I don't think we should be punishing people for having similar or even identical codebases. There are plenty of people who collaborate on code and run the same code. This has never been regarded as against the ToS before or even a negative practice by the community, and I don't think we should start doing it now.
Yeah to an extent I'm ignoring the existing ToS and am instead questioning what we do or do not want to be allowed.
Honestly though if we're going to allow people to reuse code wholesale then I don't understand why multiple accounts aren't allowed.
I think the fact that OCS is now questioning whether they actually want to do this supports the idea that it is a self-balancing issue. There are obviously risks with this kind of arrangement, it could easily backfire for those involved.
Rajecz last edited by
I'll add my two cents to the conversation since Hive may have helped generate this particular conversation (even though I realize these same question existed long before this event and will continue to be asked long after). I don't think we want to be playing this game dominated by botnets. I don't think the intent of this particular module is to take advantage of players who have long since quit the game but it does enable that. I don't think there is anything wrong with active players using automated communications to enact basic functions (resource help, passage through rooms, defense requests) but that isn't really whats being talked about here (even if that is what is being proposed). We are talking about controlling others accounts and I don't think that is anything that we should want to allow, but I also don't think that is anything that can be enforced by the game devs or the TOS. I think this is an issue that we need to address as a community and enforce as a community.
The current Hive event is an instance of this, we in the Hive see running others code as a problem. We watch the new novice zones that pop up and we talk with a lot of new players and what we have been seeing more and more often is that these new novice zones are being dominated by new players running others code, and when we talk to the other new players in the zone we are hearing a lot of frustration with not being able to compete with these other players who started playing at the same time but simply run someone elses code. Now I don't think opening up your bot code (bonzaiferroni and tooAngel) or having a shared downloadable complete code base (OCS) is against the TOS or should be restricted by the game developers, but I do think that in the screeps community when we see what we identify as a problem, we should act on it. This means we will all have different problems and all be acting on different things (I know on at least 1 occasion I have been identified as a problem) but I think that is how these issues should be worked out.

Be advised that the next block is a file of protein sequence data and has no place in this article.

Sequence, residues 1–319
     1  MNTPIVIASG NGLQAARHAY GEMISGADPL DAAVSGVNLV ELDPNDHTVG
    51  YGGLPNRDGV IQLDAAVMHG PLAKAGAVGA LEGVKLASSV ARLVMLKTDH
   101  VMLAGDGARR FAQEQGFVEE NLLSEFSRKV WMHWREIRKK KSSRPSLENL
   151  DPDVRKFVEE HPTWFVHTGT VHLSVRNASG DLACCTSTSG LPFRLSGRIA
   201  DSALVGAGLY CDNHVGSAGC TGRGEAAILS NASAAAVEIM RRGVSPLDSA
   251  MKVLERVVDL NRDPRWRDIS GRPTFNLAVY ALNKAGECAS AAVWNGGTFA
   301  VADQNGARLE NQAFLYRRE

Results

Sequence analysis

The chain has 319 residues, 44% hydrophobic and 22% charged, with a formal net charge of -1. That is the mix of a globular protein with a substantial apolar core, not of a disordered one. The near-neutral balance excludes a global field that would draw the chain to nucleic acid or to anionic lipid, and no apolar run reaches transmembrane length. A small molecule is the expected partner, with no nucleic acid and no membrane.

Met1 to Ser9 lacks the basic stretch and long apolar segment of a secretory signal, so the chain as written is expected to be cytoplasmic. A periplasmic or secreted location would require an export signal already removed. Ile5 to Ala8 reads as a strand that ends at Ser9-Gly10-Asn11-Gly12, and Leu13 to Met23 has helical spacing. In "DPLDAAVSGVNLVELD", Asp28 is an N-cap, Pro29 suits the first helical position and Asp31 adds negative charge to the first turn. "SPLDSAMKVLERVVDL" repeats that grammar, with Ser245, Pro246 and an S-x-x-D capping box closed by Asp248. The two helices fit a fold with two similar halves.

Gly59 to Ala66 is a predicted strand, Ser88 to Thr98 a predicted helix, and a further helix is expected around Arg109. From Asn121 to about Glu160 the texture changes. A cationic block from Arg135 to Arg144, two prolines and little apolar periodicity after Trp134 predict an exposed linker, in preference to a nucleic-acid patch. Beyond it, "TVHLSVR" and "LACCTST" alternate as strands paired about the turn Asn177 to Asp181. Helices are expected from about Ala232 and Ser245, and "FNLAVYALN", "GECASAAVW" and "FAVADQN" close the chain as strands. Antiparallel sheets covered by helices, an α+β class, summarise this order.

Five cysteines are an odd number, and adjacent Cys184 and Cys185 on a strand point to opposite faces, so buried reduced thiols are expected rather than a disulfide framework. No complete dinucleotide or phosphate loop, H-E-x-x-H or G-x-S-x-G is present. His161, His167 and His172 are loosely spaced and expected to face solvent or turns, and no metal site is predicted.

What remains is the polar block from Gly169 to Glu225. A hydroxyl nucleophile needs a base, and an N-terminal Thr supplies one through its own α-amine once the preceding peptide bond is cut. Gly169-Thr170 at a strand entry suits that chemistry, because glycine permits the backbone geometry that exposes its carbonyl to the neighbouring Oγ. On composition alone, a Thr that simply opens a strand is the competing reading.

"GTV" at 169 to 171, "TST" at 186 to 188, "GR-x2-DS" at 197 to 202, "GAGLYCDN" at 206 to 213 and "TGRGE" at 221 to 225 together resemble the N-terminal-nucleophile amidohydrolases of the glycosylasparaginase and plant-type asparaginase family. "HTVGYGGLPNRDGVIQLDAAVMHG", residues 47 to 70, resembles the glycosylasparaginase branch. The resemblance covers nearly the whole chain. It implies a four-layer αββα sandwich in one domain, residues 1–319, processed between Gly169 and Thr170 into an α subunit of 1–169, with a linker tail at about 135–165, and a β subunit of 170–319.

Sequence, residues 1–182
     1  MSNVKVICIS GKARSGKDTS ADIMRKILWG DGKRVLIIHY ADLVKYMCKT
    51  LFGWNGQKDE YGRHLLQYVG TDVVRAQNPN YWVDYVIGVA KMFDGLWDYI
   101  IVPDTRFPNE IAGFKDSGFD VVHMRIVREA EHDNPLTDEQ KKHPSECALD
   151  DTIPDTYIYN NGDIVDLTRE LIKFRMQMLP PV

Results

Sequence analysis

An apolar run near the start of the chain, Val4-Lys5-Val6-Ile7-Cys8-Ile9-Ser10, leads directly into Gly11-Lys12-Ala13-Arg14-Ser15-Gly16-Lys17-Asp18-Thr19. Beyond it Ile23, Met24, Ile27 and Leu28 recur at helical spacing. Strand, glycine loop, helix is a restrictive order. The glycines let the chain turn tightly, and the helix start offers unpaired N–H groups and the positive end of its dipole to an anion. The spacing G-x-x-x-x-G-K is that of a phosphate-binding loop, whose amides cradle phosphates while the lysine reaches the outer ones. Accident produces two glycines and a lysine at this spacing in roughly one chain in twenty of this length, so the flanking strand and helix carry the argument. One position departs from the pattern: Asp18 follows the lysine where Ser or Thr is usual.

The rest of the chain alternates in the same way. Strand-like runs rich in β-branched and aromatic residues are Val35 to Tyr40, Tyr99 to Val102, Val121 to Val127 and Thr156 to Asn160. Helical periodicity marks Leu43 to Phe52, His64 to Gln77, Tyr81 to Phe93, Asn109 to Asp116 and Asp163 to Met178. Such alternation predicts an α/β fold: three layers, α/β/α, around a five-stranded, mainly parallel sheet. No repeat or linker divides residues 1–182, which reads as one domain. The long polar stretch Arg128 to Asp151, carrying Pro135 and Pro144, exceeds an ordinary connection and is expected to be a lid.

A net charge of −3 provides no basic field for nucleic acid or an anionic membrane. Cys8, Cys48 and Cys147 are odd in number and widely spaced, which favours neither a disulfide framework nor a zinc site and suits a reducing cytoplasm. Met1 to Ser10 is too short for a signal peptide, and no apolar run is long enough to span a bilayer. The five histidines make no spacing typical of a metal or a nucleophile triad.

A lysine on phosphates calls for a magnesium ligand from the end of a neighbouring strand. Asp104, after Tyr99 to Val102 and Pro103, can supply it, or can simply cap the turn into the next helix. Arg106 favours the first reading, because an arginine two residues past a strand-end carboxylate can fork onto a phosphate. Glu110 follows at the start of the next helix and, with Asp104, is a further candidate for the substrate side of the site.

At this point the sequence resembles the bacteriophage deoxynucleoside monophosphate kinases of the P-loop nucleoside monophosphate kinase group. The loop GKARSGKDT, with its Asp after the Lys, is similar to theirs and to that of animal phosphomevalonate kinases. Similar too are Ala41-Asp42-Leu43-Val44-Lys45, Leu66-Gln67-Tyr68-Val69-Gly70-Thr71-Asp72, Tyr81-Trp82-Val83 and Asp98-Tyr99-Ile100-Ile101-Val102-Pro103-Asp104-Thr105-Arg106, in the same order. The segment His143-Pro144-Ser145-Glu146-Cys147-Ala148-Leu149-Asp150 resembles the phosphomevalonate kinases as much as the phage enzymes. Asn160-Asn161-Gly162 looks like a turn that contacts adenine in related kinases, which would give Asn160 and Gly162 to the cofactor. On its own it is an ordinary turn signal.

Atavus last edited by
@Tedivm I do not share your disdain for collaborative coding projects. I cannot quantify whether or not OCS has a negative impact on the community. I generally shy away from making moral judgments unless backed up by concrete facts and analysis.
Judging that OCS has a negative impact on the experience of new players by having a few targeted conversations with individuals in novice areas does not quantify as a proper analysis of the subject.
I do however agree with Rajecz on the fundamental principle that the community itself should be the one to organize itself and react to matters that are judged destructive to the well-being of the community. I do not feel inclined to make the judgment that he has made regarding OCS, but I do respect the principle of taking matters into one's own hands.